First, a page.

A book launch webinar was held in collaboration with the Aga Khan University – Institute for Educational Development (AKU-IED), Pakistan, and Deakin and RMIT Universities Melbourne, Australia.
The book “COVID-19 and the (Broken) Promise of Education for Sustainable Development: A Case Study from Postcolonial Pakistan”, published by BRILL, deals with some of the key issues of education, curriculum and teacher education in Pakistan in the context of COVID-19, said a press release.
The book was written by three Pakistani researchers – Dr Javed Anwar Shahwani, Dr Sher Rahmat Khan and Dr Mir Zaman Shah, who recently completed their PhDs from RMIT University in Australia. Their supervisors were Professor Peter Kelly and Dr Seth Brown, and a senior researcher Dr Scott Philiphs. Mir Zaman and Sher Rahmat belong to Chitral.
The book charts the emergence of the COVID-19 pandemic and the impact that it has had on the lives of young people and their communities, education systems, the teaching profession, and the responses by governments, NGOs, and donor organisations in Pakistan.
Drawing on theories of postcolonialism, feminism, and neoliberal globalisation, the authors explore the development of Pakistan as a postcolonial nation-state and examine the legacies of colonialism in education systems and policies, teacher education and development.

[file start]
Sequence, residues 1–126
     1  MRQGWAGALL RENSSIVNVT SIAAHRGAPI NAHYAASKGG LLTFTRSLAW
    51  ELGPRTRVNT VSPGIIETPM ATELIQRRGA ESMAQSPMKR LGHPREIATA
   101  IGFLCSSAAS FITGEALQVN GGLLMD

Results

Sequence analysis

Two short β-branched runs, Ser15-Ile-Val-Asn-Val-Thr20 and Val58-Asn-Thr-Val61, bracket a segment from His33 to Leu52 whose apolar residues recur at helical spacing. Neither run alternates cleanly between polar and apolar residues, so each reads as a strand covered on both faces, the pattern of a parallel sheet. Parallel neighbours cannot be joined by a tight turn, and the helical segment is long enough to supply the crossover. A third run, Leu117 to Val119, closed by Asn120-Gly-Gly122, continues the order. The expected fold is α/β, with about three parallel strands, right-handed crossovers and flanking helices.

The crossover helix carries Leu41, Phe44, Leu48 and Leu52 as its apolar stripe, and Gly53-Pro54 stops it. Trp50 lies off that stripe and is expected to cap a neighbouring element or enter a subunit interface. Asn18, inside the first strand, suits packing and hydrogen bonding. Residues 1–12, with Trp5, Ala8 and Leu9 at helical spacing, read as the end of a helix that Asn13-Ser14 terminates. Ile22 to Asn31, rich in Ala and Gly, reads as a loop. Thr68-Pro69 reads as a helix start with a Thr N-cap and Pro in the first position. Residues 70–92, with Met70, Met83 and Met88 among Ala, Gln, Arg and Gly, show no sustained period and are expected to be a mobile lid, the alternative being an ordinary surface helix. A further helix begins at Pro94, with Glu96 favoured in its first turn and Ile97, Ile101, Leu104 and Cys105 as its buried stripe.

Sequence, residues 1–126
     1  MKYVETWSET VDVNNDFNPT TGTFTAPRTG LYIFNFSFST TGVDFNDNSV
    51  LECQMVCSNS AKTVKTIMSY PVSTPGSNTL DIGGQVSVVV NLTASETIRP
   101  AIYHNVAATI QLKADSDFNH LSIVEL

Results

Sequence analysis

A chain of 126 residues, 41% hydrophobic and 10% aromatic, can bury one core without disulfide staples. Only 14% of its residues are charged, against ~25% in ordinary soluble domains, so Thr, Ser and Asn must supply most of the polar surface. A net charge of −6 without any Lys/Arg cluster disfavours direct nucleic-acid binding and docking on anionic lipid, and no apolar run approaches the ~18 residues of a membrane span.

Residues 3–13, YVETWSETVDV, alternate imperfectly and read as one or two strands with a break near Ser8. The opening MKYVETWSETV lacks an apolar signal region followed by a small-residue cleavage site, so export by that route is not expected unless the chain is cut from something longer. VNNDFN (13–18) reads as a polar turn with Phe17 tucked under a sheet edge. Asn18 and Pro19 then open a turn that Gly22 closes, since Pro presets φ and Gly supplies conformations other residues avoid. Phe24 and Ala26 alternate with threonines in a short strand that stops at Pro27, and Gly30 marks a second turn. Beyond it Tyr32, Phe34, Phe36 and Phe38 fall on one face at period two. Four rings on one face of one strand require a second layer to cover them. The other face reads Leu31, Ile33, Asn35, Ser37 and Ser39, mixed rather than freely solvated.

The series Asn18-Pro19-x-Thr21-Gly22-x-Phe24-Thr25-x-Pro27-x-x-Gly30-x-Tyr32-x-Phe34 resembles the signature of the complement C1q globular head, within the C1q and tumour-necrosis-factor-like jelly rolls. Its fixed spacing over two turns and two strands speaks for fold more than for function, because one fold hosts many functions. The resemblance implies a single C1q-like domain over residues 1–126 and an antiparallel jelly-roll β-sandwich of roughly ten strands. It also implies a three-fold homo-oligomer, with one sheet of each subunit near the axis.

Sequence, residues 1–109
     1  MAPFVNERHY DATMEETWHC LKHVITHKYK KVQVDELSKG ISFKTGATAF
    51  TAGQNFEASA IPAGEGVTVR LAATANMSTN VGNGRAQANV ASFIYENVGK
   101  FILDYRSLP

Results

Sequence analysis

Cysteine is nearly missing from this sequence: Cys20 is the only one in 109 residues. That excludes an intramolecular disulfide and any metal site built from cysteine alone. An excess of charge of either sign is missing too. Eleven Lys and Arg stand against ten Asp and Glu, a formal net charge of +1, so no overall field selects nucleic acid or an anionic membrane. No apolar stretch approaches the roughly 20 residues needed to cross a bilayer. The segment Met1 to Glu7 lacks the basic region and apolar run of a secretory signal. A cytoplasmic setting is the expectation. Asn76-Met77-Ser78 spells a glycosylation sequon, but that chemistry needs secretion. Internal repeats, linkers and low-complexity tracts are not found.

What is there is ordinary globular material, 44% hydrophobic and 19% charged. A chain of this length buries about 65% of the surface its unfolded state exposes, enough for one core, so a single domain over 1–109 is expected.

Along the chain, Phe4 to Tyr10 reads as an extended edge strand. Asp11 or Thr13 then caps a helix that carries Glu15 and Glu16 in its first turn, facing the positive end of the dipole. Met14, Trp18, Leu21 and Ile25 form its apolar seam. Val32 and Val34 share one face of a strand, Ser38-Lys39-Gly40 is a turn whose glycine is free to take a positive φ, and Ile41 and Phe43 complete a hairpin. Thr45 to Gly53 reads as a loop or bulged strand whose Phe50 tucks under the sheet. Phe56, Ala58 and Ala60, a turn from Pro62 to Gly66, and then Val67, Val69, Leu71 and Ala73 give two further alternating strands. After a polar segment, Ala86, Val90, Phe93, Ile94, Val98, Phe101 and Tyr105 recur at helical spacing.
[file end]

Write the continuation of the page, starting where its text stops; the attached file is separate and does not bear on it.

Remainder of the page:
The Pakistani authors bring extensive knowledge and experience to this case study of the ‘broken promise’ of education for sustainable development.
This mix of theoretical insight and practical experience promises to produce significant policy and development impact in post-COVID-19 Pakistan, South Asia more broadly, and in other postcolonial development contexts around the world as it develops a critique of the United Nations Sustainable Development Goals (UN SDGs) as a global and more local framework for development.
Professor Peter Kelly of Deakin University chaired the event. Dr Farid Panjwani, the Dean of Aga Khan University – Institute for Educational Development (AKU-IED), introduced the book and highlighted its potential contributions.
He underlined the different ways the book can contribute to the discourses of education and teacher education in Pakistan. Dr Panjwani pointed out the Constitutional promise of education in Pakistan and the challenges in realising that promise. The three Pakistani authors spoke about the book.
They highlighted the background of writing the book, its major themes and its possible contributions and impacts.
Dr Hafeez Ahmed Jamali, the Director General of Balochistan Civil Service Academy Quetta, shared his views about the book and discussed how it might contribute towards reconceptualising teacher education in Pakistan. He pointed to the importance of how this book elaborates on the postcolonial context of Pakistan and why this is important for understanding the current education issues, challenges and possibilities in Pakistan.
Mr Ghulam Nabi Marri, an Economist with the UN-International Fund for Agricultural Development (IFAD), also spoke about the book. He discussed some of the salient features of it.
He emphasised that the book’s use of storytelling is compelling, and the book makes significant contributions by setting the direction of research in education in Pakistan.